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AP

U.S. Soccer: Patriotism-fueled frontrunning born of inexcusable arrogance

So Bruce Arena resigned as the U.S. National soccer team coach Friday. Big damned deal.

Oh, it is to him. He probably liked the job, and might have wanted to keep getting paid.

But whether he’s there or isn’t doesn’t matter. In fact, whether the people who hired him are there or not doesn’t matter either. U.S. Soccer is the definition of sporadic interest and patriotism-fueled frontrunning, of imbedded self-interest and general indolence, all born of inexcusable arrogance.

Bruce Arena didn’t bring that to the job, nor does he remove it by leaving. He’s just another head on a spike, like Jurgen Klinsmann was before him, and Bob Bradley before him.

But that would also be true if the head of U.S. Soccer, Sunil Gulati, quit or was fired too. Even the people bleating that the U.S. shamed itself by losing to Trinidad and Tobago display the same kind of blinkered ignorance and arrogance that dogs this sport in America.

Being in CONCACAF is a gift from the heavens, and the U.S. has decided as a national collective to replace that with actual achievement. Beating Germany in friendly is proof of long-term worth. The fact is, we don’t know how to evaluate America’s place in the soccer world except as an audience, let alone how much massive structural change is required to change that.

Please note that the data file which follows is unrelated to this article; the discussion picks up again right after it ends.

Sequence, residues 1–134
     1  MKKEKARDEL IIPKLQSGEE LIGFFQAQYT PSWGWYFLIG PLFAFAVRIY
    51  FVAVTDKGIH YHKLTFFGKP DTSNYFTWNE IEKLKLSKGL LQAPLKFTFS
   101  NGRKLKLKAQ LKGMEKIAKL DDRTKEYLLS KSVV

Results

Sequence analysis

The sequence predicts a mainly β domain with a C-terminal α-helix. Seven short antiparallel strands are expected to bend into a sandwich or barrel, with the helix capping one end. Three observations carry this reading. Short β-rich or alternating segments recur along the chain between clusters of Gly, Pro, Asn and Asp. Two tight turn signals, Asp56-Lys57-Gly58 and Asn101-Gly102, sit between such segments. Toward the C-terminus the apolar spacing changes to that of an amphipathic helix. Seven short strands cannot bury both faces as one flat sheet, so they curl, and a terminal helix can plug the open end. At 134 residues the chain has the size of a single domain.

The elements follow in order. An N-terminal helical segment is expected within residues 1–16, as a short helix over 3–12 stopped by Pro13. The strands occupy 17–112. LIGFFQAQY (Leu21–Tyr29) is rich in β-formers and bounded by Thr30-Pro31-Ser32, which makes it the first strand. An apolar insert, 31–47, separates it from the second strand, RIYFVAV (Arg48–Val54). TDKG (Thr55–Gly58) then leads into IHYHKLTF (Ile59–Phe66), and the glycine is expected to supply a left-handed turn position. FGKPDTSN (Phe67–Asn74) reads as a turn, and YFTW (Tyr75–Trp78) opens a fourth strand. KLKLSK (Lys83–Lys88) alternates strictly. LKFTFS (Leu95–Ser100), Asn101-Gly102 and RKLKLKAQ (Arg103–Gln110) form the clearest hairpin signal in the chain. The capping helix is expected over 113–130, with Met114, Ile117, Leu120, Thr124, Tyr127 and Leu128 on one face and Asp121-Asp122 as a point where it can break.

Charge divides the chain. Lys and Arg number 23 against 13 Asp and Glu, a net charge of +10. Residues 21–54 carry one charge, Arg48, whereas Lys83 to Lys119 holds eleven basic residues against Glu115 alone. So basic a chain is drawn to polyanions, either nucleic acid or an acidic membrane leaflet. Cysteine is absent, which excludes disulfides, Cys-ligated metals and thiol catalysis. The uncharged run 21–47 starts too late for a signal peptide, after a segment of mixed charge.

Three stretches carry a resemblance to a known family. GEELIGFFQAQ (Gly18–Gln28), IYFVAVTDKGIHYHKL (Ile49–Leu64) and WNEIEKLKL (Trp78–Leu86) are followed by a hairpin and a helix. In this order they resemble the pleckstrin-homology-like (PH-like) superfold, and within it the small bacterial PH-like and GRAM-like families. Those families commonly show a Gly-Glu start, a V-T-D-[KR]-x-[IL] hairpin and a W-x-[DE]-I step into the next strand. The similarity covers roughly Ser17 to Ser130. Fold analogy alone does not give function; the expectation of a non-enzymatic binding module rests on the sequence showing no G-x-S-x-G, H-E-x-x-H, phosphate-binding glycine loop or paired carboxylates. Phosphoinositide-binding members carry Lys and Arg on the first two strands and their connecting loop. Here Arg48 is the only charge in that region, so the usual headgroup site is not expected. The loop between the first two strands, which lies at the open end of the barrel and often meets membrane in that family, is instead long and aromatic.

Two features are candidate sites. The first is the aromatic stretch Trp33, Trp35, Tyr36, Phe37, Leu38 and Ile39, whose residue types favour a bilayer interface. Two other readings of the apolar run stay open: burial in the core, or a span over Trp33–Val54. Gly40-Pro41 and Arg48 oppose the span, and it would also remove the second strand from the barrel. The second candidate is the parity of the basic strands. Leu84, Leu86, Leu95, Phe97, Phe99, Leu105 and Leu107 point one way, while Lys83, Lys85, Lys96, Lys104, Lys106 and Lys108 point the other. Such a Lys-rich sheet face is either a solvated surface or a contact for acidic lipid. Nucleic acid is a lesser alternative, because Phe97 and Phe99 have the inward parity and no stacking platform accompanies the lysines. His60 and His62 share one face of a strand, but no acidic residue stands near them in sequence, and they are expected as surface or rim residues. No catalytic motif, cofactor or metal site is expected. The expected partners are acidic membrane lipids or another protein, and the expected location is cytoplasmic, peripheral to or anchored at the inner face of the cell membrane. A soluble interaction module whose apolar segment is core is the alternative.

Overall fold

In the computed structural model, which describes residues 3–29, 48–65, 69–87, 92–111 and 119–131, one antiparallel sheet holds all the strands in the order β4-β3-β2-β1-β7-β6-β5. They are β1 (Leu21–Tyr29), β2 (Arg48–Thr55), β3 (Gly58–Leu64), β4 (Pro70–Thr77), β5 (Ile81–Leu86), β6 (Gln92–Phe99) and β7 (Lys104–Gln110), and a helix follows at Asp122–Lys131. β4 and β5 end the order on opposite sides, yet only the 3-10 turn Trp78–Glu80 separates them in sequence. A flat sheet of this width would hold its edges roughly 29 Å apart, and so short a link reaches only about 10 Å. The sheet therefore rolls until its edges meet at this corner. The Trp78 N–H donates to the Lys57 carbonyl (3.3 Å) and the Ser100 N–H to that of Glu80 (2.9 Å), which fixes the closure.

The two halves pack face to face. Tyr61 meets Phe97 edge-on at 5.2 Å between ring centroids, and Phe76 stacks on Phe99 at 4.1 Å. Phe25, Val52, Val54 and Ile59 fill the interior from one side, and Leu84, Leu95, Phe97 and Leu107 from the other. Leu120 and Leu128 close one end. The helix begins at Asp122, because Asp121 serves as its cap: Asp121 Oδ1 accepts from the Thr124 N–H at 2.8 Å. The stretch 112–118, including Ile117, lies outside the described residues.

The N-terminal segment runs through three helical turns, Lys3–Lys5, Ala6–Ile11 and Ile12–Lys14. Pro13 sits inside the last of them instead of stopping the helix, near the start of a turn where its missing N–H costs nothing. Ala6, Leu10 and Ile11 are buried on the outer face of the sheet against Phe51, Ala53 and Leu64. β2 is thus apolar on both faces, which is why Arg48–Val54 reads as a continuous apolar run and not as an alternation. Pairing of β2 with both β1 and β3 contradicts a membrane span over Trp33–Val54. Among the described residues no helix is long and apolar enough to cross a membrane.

And change must be massive, and can’t be evaluated by the next cheap win or the next galling loss, or television ratings. America is good at watching soccer, good enough to catch on the actual chasm between its national team and development structure.

But that’s where it ends, because knowing what’s bad because you just watched it, or what is actually good (like, say, a UEFA or CONMEBOL qualifier) is light years from knowing how to fix a system built on the flawed concepts of work rate without creativity and money as a solution to crippling organizational problems.

So Bruce Arena does the decent thing given the circumstances, falling on a sword that should actually be a kebab skewer. But it makes no difference. The American soccer structure needs to get what it needs before it can get what it wants, and there are no more shortcuts to take in a short-attention-span world.